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Shark Attack Kills New Zealand Man

A great white shark cruises underwater in search of prey.
A great white shark cruises underwater in search of prey. (Image credit: Neil Hammerschlag)

A shark attack today (Feb. 27) killed a New Zealand man swimming at Muriwai Beach, a popular swimming and surfing area near Auckland.

Several sharks were involved in the attack on Adam Strange, 46, according to witnesses, though a 12- to 14-foot long (3.5- to 4.3-meter) great white shark is believed to have initiated the strike, reported.

Police responded immediately to the attack: Officers fired several shots from an inflatable boat and a police helicopter at the great white shark and reportedly hit the animal, according to the New Zealand Herald. The shark swam off, however, leaving police to wonder if it is still alive.

Eyewitness Pio Mose was fishing at the beach when the shark attack occurred. "We saw the shark fin, and next minute, boom, [it] attack him, and then blood everywhere on the water," Mose told local news website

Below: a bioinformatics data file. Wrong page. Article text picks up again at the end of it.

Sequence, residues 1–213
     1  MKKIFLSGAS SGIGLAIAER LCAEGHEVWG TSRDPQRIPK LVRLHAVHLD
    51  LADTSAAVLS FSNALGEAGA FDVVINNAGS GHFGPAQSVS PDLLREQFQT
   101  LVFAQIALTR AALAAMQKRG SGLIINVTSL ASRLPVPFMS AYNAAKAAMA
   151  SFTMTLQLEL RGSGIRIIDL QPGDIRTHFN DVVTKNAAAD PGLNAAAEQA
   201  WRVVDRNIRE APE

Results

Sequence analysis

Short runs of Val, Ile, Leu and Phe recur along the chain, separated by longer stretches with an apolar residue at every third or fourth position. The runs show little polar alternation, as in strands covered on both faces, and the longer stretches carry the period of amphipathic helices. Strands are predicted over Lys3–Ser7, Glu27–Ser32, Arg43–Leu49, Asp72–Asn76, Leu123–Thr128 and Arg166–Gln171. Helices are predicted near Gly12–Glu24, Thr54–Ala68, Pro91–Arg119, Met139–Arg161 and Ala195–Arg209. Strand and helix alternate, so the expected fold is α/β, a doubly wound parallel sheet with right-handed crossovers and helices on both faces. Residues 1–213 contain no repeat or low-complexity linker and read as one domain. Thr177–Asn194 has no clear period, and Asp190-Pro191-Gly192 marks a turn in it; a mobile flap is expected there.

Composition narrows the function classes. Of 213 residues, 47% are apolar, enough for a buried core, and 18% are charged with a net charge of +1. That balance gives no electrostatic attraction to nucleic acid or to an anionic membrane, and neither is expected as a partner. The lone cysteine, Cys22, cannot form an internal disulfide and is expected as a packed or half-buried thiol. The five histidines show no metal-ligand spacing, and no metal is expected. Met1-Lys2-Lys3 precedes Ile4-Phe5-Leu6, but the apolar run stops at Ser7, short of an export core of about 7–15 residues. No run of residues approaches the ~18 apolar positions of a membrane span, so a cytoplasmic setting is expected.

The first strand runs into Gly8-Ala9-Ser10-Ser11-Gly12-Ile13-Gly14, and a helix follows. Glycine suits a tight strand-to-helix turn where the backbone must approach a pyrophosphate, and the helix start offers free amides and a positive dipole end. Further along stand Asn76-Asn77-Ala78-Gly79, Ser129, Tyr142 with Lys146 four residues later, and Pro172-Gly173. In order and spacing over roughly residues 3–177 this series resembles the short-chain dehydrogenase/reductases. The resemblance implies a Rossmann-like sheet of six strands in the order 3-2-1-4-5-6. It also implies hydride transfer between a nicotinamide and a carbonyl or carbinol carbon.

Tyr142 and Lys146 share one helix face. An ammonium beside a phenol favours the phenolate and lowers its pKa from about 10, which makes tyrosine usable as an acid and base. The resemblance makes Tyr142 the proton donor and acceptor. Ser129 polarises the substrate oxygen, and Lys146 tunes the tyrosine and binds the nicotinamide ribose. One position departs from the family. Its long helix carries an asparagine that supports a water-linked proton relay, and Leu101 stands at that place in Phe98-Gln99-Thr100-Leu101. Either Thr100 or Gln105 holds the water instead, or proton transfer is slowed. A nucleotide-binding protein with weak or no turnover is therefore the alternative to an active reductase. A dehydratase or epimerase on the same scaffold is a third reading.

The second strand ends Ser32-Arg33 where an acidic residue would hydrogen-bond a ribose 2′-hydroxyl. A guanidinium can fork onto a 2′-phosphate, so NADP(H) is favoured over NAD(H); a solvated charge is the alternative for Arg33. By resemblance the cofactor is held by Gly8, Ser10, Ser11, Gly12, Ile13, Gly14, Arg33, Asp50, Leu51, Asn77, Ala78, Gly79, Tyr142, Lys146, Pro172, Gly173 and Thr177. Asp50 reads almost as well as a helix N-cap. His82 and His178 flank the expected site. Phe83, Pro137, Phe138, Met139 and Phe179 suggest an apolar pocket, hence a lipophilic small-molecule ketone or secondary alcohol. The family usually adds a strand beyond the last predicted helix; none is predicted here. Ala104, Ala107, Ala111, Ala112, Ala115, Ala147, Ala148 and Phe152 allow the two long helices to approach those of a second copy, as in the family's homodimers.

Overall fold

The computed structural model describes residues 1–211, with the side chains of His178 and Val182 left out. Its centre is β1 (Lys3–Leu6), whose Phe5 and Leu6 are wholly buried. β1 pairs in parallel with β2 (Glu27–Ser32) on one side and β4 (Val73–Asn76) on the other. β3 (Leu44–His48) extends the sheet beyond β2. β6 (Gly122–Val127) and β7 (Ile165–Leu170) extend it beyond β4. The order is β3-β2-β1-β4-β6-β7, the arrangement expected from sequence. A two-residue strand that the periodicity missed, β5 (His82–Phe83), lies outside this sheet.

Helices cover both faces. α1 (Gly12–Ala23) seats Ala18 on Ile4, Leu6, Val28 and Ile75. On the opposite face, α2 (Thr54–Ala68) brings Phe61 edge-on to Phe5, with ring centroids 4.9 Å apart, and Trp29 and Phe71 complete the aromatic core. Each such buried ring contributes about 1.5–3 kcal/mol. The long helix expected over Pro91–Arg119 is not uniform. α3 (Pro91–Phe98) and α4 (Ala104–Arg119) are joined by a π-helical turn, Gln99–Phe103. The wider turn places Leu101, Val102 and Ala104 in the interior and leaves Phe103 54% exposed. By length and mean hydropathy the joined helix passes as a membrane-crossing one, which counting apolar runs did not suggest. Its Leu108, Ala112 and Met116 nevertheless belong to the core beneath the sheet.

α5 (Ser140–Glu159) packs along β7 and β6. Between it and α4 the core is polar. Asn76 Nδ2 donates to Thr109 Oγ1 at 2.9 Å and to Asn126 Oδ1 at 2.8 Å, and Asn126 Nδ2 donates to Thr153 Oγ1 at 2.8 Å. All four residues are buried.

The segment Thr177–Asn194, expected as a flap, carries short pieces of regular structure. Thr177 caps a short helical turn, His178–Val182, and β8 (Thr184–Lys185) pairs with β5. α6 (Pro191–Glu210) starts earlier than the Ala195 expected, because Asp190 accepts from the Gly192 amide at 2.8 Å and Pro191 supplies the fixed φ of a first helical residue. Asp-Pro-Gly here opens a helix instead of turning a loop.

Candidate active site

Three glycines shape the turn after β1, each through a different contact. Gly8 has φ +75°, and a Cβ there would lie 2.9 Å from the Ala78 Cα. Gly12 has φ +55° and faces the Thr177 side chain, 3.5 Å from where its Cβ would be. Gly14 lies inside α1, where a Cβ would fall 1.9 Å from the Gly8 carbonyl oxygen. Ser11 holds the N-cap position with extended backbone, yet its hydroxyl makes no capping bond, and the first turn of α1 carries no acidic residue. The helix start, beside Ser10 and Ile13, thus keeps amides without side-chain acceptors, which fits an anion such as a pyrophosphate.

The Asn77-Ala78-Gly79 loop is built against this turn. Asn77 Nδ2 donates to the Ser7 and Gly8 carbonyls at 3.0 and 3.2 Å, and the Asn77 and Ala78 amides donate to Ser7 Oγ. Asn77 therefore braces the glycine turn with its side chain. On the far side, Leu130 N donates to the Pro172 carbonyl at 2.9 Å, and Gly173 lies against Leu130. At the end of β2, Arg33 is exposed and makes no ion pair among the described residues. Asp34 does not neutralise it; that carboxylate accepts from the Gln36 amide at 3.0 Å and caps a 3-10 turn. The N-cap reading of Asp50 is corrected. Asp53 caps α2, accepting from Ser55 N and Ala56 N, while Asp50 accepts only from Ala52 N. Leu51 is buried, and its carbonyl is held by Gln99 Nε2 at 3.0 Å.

Shark attacks are rare: Since 1837, just 15 fatalities in New Zealand have been attributed to sharks. The last such attack happened in 1976, according to the Herald.

Many experts agree that humans pose a much greater risk to sharks than sharks do to humans. A 2012 study, published in the journal Conservation Biology, found that shark populations have dropped 90 percent or more in some areas of the Pacific Ocean.

The study also determined that the closer humans live to shark populations, the bigger the drop in shark numbers.

Experts believe overfishing poses the greatest threat to sharks, which often die as "bycatch" in fishing nets intended for other species. Sharks have slow reproduction rates and may take more than 20 years to reach sexual maturity, so depleted populations can take decades to rebound. As a result, some states and countries now list many shark species as endangered.

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Marc Lallanilla
Marc Lallanilla has been a science writer and health editor at and a producer with His freelance writing has appeared in the Los Angeles Times and Marc has a Master's degree in environmental planning from the University of California, Berkeley, and an undergraduate degree from the University of Texas at Austin.